Health

Fearing mistrial because of virus, Maxwell judge extends jury’s hours

As the jury
completed its fourth full day of deliberations in Federal District Court in
Manhattan, the judge, Alison J Nathan, said she feared jurors and trial
participants might become infected and forced to quarantine, and raised the
specter of a mistrial.

“We are,
very simply, at a different place regarding the pandemic than we were only one
week ago,” Nathan said, speaking outside the jury’s presence as she cited what
she called “an astronomical spike” in cases. She said later that she had extended
the jury’s hours to 6 pm and would also have jurors continue deliberations
through the holiday weekend until they reach a verdict.

“Put
simply,” she said, “I conclude that proceeding this way is the best chance to
both give the jury as much time as they need and to avoid a mistrial as a
result of the omicron variant.”

Close to 5
pm, the jury sent the judge a note, saying, “Our deliberations are moving along
and we are making progress.”

Addressing
the jurors at the end of the day, Nathan said she would ask them to work
through the rest of the week — including Thursday and Friday, which had been
scheduled as days off. She did not tell the jurors of her plan to have them
work through the weekend.

The note was
one of about a dozen the jurors have sent throughout their deliberations
seeking legal guidance, testimony and office supplies. Until Tuesday afternoon,
they had given no clear indication of how their discussions were progressing.

The trial of
Maxwell, who has been charged with recruiting and grooming underage girls for
sexual abuse by Jeffrey Epstein, included three weeks of testimony by two dozen
government witnesses and nine defense witnesses. The jury began its
deliberations late Dec 20, but because jurors were given days off for the
holiday, the panel completed only three full days of deliberations by the end
of Monday of this week.

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Court
officials already have signaled their concerns about the variant, announcing
upgraded COVID precautions Monday, including rules that anyone in the court must
wear a high-quality respirator mask, such as an N95.

The issue of
how forcefully a jury should be encouraged to reach a verdict is always a
delicate matter. Defense lawyers argue that unduly rushing a jury could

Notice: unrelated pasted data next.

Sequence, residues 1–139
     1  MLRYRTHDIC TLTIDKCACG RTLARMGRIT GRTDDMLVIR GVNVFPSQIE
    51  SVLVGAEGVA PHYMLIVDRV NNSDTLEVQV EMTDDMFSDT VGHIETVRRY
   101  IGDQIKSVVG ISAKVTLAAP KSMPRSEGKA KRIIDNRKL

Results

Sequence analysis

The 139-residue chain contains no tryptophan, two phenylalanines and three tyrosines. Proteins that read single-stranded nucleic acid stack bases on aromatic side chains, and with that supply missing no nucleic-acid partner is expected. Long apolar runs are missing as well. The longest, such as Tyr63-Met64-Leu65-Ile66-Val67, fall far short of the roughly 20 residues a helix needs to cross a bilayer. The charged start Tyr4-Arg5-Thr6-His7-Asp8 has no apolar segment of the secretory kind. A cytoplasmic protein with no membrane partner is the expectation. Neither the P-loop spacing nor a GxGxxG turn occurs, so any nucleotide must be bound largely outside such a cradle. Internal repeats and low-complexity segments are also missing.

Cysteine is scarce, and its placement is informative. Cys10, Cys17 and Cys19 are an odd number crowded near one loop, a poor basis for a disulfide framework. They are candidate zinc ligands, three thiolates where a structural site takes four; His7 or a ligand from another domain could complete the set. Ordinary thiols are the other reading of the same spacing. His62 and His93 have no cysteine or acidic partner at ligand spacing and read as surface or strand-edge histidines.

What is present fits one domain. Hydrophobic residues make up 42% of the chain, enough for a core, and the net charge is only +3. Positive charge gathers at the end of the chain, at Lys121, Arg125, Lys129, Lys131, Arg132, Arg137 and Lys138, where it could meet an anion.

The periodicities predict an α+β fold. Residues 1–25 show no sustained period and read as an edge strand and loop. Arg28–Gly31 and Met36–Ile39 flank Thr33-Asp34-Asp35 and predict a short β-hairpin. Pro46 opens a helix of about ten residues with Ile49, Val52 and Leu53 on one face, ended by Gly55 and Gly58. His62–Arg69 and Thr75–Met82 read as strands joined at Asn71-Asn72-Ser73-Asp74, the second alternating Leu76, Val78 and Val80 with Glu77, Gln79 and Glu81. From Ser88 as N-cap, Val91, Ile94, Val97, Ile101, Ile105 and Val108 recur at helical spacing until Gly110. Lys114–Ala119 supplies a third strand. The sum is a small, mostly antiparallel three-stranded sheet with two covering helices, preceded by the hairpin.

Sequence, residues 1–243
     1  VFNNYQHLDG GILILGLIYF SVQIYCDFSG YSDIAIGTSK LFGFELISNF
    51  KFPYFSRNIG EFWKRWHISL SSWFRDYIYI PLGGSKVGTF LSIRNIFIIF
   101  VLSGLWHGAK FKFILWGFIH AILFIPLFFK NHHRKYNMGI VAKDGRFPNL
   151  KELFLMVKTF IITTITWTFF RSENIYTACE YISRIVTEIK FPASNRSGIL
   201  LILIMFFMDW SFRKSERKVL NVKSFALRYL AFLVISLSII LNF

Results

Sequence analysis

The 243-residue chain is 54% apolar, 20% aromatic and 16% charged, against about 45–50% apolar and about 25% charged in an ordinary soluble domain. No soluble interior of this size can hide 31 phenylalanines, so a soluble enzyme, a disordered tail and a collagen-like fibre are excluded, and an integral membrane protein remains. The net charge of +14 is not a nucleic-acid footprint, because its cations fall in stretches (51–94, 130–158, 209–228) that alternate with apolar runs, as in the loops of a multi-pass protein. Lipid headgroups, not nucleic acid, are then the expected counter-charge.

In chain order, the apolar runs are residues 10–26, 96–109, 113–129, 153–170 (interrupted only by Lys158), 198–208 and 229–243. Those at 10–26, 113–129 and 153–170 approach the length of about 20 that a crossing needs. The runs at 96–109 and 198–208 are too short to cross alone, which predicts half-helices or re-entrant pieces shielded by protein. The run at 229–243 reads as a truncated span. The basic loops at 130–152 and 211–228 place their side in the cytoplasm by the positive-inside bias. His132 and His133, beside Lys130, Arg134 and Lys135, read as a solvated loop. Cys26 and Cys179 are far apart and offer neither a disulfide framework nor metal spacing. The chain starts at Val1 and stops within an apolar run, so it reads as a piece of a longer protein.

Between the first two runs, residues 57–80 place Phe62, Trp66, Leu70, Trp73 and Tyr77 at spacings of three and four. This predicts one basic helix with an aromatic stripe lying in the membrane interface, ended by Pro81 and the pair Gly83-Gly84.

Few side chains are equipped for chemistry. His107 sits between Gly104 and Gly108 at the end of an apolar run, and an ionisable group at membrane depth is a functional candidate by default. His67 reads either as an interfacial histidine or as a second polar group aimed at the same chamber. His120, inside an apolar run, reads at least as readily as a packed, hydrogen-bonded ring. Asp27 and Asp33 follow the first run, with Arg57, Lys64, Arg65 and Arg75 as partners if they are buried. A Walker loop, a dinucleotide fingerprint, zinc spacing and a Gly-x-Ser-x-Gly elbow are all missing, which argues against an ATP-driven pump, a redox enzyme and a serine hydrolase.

pressure it to return a guilty verdict, while prosecutors do not want to
provide the defense an issue on which to base an appeal.

As she laid
out the expanded schedule to the jury Tuesday, Nathan repeated verbatim a
phrase she said Monday: “Of course, by this, I don’t mean to pressure you in
any way. You should take all the time that you need.”

The
discussion about the potential impact of the coronavirus on the trial came
Tuesday as the judge and the parties continued to grapple with a perplexing
jury note received Monday.

Most of the
notes, which have been read aloud by the judge, have sought transcripts of a
particular witness’ testimony or clarification of legal issues — the definition
of “enticement,” for example. Others have pertained to scheduling or logistics
— a request for an early lunch or departure or that a piece of testimony be
presented in a binder. On Monday, the jurors also asked for a collection of
study aids: multicolored Post-it notes, highlighters and a “white paperboard.”

While the
notes bore no indication of discord or an impasse on the panel, the
communication that arrived Monday afternoon spurred a debate over precisely
what the jurors were asking.

The note
consisted of a single sentence of about 40 words that pertained to an accuser
known as Jane. It appeared to ask whether Maxwell could be convicted on one of
the counts if she “aided in the transportation of Jane’s return flight” from
New Mexico, where Jane said she was abused.

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“We find it
confusing,” Alison Moe, an assistant U.S. attorney, said to Nathan.

“I don’t find
this note confusing,” a defense lawyer, Christian Everdell, responded a few
minutes later.

“Well, I
find it confusing,” Nathan declared, saying she would direct the jury to the
instructions she had earlier given them.

The
instructions — also known as the jury charge — run 80 pages for Maxwell’s case
and were the result of days of behind-the-scenes wrangling between the two
parties about how to frame certain legal standards and what kind of details to
include.

Although
none of the jurors in Maxwell’s trial have fallen ill, federal judges in New
York City faced a similar challenge when they were struggling to complete
trials in March 2020, the early days of the pandemic.

In one case,
a federal sex-trafficking trial in Brooklyn, jurors decided to work late,
reaching a verdict around 10 pm In Manhattan, a judge suspended a federal
sex-trafficking trial after several days, concluding that jurors would be
unable to deliberate safely in the jury room and would be likely to feel too
anxious, rushed and distracted about infection to focus on reaching a verdict.

“It is
untenable to continue with this trial now or at any time as long as the current
public health crisis persists,” the judge, Paul A Engelmayer, said at the time.

Nathan
herself confronted such an issue in March 2020, when she allowed an ailing
juror to continue participating in jury deliberations remotely from his
apartment via FaceTime.

“We are
under extraordinary circumstances,” the judge said then.

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